Benny watched Dave stride purposefully toward the washing sink. His business must be doing well; he walked as though he owned this place
Benny smoothed down his pants and walked into Entrecote. He quickly scanned the room — four young American couples, a table of five chassidish men, a dati-leumi family, a set of fifty-something American parents treating their couple-living-in-Israel, and a big Sephardi get-together in the corner.
Oh, and there was Dave, at a table at the far end, his blazer draped over a chair and his fingers busily swiping his phone. Benny walked over and tapped him on the shoulder.
“Hey, Reb Benny, good to see you!” Dave said. “Sit down, I’ll tell the waiter you’re here. Looks like you could use a drink. Still racking up sechar, walking all around Yerushalayim?”
Benny wondered how sweaty he looked. “Actually no, I caved and got myself an electric bike last year. Don’t tell my mom, she’ll just be petrified I’m getting myself killed. But it’s so much faster and easier, once you buy it there’s no going back.”
The waiter arrived.
“Can you bring us some cold water, please, and the bread,” Dave said. Benny noticed how his voice didn’t go up at the end — this wasn’t a question, it was a command.
The waiter nodded, then returned with some sort of Middle Eastern hot, fresh bread. He industriously began covering the table with tiny little dishes of dips — carrots, beets, cabbage, tomato, pepper, several iterations of eggplant, and lots of herbs.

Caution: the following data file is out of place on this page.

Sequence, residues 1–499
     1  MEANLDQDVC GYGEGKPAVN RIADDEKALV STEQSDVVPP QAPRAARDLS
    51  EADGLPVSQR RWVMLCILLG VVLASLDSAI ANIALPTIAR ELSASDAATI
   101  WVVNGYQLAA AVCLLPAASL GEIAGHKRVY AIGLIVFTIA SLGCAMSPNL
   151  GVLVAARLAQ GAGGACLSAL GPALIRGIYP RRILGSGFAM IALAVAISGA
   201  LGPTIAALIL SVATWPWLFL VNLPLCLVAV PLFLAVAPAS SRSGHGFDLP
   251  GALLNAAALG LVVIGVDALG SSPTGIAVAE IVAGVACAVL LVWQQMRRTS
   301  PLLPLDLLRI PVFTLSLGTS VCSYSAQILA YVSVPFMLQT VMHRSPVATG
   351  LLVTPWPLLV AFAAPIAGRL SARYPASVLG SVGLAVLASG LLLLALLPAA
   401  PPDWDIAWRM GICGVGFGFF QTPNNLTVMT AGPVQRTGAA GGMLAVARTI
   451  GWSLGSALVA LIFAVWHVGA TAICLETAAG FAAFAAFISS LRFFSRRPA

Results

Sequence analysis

“Let’s go wash,” Dave said. “I hope it’s okay that I ordered for both of us already.”
Benny watched Dave stride purposefully toward the washing sink. His business must be doing well; he walked as though he owned this place. Benny followed silently and washed.
The bread was hot and soft and fragrant, and Dave apparently hadn’t grown formal or fancy enough to forgo ripping off hunks with his fingers and dabbing them directly into the dips.
“Mmm,” Dave said after popping the Moroccan carrots. “This is one of those things that Americans just don’t know how to do. I have this friend Yoni, he runs a nice little fish restaurant in Lakewood, one of the newer ones. I do lunch meetings there sometimes, and his fish is great — not overcooked or dry, you know? — plus the design of the place is funky, fresh, different. But the dips, I don’t know, they just can’t figure out how to do the Israeli dips right. I should bring him here for a tutorial.”
Benny hadn’t realized how hungry he was. Lunch had been a long time ago, and he hadn’t managed to put anything in his mouth when he got home — he wanted to help Tziporah get the kids into bed before leaving her to her supper of reheated leftovers.
He took another piece of bread. “So tell me about your life,” he said as he spread matboucha over it. “It’s been a while. How’s your wife, how are the kids, how’s business?”
“Whoa, lots of questions,” Dave said. “My wife is—”